If an earlier mark with a reputation is fully integrated into a new mark, this is considered to be an indication of similarity and likelihood of confusion. MAN could not assert this against MANDO before the CJEU – but nevertheless won the action in part.
In April 2013, the plaintiff, MAN Truck & Bus AG, filed an opposition against the registration of the EU figurative mark MANDO, which had been filed by the intervener Halla Holdings Corp. in October 2012. MAN based the opposition on the likelihood of confusion with its own earlier registered trade mark MAN, which was registered both internationally and nationally. The contested mark MANDO was registered in the same Nice classes and classes of goods relating to trucks, motor vehicles, special vehicles and engines in which the mark MAN was already registered.
The Board of Appeal rejected the opposition on the ground that the degree of similarity between the marks was not sufficient to give rise to a likelihood of confusion, even if the earlier mark had a good reputation in Germany and Austria.
In conceptual terms, the marks are completely different and there is little visual or phonetic similarity between them. MAN GmbH challenged this decision before the Court of Justice of the European Union (CJEU).
Likelihood of confusion with earlier well-known trade mark
When assessing the likelihood of confusion, the overall impression must be assessed, in particular the distinctive and dominant features. The CJEU recalled that, according to case-law, even minor differences between two signs are capable of producing a different overall impression, even if those signs consist of short words. However, the reputation of an earlier mark or its particularly distinctive character must be taken into account when assessing the likelihood of confusion and not when assessing the similarity of the marks in question. And similarity is an assessment made before the likelihood of confusion is assessed.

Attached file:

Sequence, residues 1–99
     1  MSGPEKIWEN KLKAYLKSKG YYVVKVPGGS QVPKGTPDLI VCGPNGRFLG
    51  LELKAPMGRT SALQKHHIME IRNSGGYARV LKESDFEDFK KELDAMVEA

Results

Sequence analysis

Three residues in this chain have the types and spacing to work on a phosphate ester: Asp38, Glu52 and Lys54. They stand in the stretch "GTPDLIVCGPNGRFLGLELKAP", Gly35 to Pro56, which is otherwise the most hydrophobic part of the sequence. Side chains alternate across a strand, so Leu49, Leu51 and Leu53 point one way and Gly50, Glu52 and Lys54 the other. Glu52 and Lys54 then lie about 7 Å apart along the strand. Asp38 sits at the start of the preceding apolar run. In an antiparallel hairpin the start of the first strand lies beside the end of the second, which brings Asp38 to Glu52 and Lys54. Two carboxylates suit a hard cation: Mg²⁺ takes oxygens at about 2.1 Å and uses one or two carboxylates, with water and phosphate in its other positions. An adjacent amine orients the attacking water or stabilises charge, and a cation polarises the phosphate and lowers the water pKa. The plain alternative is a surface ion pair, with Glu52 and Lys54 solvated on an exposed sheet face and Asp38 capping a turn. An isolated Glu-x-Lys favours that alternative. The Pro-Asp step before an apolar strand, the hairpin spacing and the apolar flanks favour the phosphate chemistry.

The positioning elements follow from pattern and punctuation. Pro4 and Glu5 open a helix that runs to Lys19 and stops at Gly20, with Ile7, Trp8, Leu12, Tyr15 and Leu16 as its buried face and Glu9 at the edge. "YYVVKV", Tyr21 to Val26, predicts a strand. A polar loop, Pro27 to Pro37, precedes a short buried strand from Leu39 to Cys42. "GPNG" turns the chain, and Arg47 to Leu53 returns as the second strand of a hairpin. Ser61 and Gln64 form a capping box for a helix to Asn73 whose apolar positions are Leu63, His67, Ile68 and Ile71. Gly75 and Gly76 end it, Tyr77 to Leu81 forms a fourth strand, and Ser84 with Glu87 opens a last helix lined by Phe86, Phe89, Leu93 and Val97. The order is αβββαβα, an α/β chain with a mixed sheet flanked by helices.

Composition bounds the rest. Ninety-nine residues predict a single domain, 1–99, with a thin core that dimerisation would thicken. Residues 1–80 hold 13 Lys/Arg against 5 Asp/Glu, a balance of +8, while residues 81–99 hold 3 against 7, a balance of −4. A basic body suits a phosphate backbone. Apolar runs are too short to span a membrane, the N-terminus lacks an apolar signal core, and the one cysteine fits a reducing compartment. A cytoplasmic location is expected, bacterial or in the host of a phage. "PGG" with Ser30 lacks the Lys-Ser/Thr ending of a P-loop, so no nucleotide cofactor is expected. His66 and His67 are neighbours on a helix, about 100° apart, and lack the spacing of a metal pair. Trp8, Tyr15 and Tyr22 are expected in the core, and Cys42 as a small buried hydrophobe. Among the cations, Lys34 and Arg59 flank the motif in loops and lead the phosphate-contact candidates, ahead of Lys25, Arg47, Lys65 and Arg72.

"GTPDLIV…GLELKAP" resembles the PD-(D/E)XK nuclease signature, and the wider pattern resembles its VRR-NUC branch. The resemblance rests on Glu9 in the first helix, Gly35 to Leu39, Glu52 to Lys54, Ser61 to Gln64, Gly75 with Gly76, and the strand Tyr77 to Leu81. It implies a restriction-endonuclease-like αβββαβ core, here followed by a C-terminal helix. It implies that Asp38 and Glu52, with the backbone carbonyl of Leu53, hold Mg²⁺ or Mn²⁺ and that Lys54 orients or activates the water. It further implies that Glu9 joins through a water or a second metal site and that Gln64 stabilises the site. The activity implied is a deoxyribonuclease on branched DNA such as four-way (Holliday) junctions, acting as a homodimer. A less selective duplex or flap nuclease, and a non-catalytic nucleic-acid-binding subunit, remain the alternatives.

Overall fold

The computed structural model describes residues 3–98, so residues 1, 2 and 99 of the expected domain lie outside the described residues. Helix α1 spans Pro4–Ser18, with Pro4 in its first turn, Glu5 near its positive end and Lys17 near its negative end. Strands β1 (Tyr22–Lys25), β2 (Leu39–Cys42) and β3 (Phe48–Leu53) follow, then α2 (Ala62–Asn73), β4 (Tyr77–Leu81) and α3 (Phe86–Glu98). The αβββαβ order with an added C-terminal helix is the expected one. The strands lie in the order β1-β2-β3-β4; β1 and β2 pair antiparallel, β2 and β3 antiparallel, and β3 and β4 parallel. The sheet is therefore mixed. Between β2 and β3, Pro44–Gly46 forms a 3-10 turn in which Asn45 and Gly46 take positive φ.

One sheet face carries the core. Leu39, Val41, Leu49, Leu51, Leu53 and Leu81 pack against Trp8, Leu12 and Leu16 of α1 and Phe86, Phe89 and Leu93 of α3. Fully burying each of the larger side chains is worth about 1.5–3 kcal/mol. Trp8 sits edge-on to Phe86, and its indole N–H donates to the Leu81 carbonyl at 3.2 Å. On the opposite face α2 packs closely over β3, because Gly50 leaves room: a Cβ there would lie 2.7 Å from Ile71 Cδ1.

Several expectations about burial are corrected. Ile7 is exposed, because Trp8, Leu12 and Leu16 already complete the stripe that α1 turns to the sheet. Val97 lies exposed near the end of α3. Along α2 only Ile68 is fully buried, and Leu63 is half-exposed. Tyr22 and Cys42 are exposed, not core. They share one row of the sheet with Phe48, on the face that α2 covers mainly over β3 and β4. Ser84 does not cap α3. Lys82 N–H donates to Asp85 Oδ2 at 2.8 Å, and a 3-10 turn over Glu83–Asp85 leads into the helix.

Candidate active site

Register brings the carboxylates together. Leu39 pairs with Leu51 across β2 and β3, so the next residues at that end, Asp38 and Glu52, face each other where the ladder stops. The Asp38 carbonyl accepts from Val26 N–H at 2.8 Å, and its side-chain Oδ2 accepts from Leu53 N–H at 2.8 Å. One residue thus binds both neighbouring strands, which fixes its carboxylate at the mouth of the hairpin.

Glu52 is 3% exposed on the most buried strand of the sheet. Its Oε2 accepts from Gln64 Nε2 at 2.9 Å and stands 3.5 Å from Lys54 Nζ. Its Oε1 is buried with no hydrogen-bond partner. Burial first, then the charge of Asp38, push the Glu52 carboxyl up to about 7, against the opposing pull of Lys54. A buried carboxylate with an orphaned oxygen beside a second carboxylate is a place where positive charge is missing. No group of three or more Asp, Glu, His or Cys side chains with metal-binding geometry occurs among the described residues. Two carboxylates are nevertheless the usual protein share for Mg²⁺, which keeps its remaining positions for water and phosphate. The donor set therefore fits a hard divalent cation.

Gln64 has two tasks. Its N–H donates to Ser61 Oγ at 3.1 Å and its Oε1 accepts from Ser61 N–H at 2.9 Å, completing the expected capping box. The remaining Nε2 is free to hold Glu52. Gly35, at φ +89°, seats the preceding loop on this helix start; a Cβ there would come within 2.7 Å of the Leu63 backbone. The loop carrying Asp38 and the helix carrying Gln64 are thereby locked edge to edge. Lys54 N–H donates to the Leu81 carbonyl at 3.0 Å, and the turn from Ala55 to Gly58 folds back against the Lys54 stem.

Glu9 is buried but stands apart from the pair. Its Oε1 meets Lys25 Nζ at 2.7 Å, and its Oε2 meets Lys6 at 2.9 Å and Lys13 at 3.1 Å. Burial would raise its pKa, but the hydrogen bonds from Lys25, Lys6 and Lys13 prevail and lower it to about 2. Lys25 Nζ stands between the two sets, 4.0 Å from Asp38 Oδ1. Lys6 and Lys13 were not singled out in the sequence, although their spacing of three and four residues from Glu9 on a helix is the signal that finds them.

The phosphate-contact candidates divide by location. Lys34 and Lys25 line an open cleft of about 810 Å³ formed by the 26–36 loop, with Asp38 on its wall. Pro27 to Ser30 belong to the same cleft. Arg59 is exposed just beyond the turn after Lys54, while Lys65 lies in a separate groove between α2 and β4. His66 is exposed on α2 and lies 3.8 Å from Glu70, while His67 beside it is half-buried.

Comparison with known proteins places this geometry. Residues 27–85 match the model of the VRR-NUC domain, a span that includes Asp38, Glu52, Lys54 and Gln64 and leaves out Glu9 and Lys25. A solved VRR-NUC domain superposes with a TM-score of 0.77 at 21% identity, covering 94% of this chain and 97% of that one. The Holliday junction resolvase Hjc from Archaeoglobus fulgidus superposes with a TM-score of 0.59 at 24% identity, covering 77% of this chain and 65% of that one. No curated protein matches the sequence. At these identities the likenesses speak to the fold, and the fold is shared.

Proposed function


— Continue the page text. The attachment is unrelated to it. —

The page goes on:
Similarity of the marks
The CJEU also referred to the case law, which states that if the earlier mark is fully included in the mark applied for, this is usually an indication of the similarity of the marks. However, MAN could not successfully assert this in the present case.
The letters ‘d’ and ‘o’ cannot be regarded as of secondary importance for the mark applied for, since they make up almost half of it. The CJEU confirmed the contested decision of the Board of Appeal that the term “mando” was perceived as a whole and that therefore the fact that the earlier mark was fully integrated into the new mark did not justify a sufficient degree of similarity. Also, the fact that consumers normally attach more importance to the first part of the words does not apply in every case and is not relevant here due to MANDO’s brevity and compactness.
Moreover, the fact that the specialist public may be able to identify the MAN marks in the mark applied for does not mean that it confuses those registrations with the mark applied for, the CJEU held, referring to the after-sales service customary for those goods, the relevance of which to the MAN marks had itself made clear in order to be able to rely on the meaning of the phonetic similarity between the two marks. The CJEU therefore held that oral communication could take place with qualified sales staff capable of informing customers about the various marks and confirmed that the Board of Appeal had rightly ruled on similarity and likelihood of confusion in its contested decision.
MAN nevertheless wins the case in part
Nevertheless, the CJEU annulled the decision of the Board of Appeal in so far as it concluded that there was no likelihood of confusion between the figurative mark MANDO and the earlier international registration No 863 418 of the figurative mark MAN. The contested decision did not contain sufficient and specific reasons for the international registration and the services covered by it in Class 35.
Would you also like to protect your trademark or brand?